Restaurants are one of the busiest industries, with workforce needs that change based on the time of the year, the day of the week, and even the time of day. With so many variables, scheduling employees, tracking stock, and tracking other resources, like tables, drivers and deliveries, managing resources can be a full time job.
Top restaurants around the world, as well as less high-end but still extremely profitable, food chains like Starbucks already use resource scheduling to create flexible schedules to ensure that they always have employees on hand for their busiest hours, while saving time and money. Most importantly, nearly anyone with flexible staffing needs can benefit from resource scheduling, and restaurants make up a large part of that demographic.
Starbucks, is, in itself, an excellent example of how scheduling software is beneficial in the food industry. The company integrated a resource scheduling program to schedule working times for its 130,000 baristas, saving millions of dollars on their previous schedule. This allowed them to change work schedules to meet quickly fluctuating work needs during rush hours, and busy morning times, allowing managers to easily see who was available for which shifts, and who had already worked. As of 2014, the policy allows them to use flexible scheduling with set hours, and scheduled a week in advance, so that employees know when they are working.
Starbucks still has control over who is working how much time, and when, but they also save money by sending baristas home during slow hours, and ensuring they have enough people to serve customers when they're there. Their software actually schedules employees in 15 minute increments to meet demands, but that's hardly practical for most lifestyles, so you can schedule in longer durations to better meet employee needs.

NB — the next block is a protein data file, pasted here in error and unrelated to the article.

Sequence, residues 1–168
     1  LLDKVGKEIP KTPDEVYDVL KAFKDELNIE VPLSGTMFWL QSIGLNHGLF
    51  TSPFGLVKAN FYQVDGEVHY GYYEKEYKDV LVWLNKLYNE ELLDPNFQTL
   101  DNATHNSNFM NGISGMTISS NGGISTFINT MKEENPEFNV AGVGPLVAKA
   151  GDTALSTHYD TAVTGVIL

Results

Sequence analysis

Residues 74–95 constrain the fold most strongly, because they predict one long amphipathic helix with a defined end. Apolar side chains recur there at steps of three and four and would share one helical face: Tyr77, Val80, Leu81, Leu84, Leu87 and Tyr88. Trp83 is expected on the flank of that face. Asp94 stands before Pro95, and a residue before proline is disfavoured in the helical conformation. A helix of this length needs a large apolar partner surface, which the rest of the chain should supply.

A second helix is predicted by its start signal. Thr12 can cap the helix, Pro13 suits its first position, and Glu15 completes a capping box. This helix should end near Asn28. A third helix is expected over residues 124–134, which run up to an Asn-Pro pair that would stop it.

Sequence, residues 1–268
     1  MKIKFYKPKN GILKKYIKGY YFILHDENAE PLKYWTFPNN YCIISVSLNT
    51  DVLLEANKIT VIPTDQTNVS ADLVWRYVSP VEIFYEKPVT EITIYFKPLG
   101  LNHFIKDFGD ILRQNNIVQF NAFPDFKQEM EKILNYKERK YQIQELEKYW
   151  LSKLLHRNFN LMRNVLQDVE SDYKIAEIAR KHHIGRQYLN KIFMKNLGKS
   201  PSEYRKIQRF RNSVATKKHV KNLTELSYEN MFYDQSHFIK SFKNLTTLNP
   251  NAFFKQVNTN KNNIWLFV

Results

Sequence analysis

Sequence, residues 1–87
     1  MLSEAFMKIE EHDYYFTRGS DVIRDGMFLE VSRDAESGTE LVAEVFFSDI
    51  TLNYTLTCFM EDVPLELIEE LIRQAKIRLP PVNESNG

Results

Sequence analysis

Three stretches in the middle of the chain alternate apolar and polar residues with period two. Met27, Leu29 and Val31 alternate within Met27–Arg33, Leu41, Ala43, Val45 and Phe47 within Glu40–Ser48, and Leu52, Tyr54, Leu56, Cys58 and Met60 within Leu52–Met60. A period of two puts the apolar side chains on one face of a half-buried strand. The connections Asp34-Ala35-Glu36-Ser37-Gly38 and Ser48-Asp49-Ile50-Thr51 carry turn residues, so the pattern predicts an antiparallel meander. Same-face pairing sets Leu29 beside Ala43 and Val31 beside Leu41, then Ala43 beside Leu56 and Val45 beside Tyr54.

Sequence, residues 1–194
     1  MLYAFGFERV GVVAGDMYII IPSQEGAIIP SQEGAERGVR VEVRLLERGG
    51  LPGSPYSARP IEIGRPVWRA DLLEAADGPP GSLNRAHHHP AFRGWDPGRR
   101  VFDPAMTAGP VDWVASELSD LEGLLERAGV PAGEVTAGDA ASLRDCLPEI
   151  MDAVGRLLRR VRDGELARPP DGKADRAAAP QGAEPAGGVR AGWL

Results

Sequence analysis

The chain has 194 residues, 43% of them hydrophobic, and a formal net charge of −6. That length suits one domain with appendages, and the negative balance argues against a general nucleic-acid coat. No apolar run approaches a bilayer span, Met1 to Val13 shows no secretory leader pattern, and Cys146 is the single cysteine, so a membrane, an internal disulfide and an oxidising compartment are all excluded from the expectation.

Why is it important? One study by the Pennsylvania State University in the U.S. showed that many businesses could be losing as much as 7% of sales due to unavailable employees. Customers simply get up and leave without someone to serve them during busy hours, or are never even seated or get in line before they walk out. This type of loss may seem small, but it can add up to a great deal over time. Employee scheduling also works on both front end and back end, so you can use it to ensure that your managers know when they should show up, you aren't putting employee shifts back to back, and that you have enough people to cook and clean during your busiest hours.
The main problem with restaurant scheduling is that it's not just about the staff. You have to keep track of food deliveries, table reservations, food stock, cleaning, and much more. Scheduling all of these resources and tracking them so you can access them locally or via the cloud allows you to instantly access the data, which makes life easier on managers, who can then spend more time ensuring that the restaurant runs smoothly, and less time checking up on deliveries. One example is that you can schedule in weekly food deliveries, schedule in health inspections, and schedule in stock inventory and ordering.
Tables and Rooms
Finally, resource scheduling allows you to take your table reservations to a new level. By adding all of your tables into your scheduling program, you can take reservations over the phone, schedule them in, and then see at a glance when that table is booked and for how long, which makes it easier to book in the future. It's also easier to avoid double bookings because anyone using the software can instantly see which tables are booked and which aren't.
There are dozens of ways that restaurant resource scheduling
programs can be used to streamline management at every level of the business, in the front and the back. Because more efficient management means saving time and money, it's an extremely practical choice for any part of the food industry.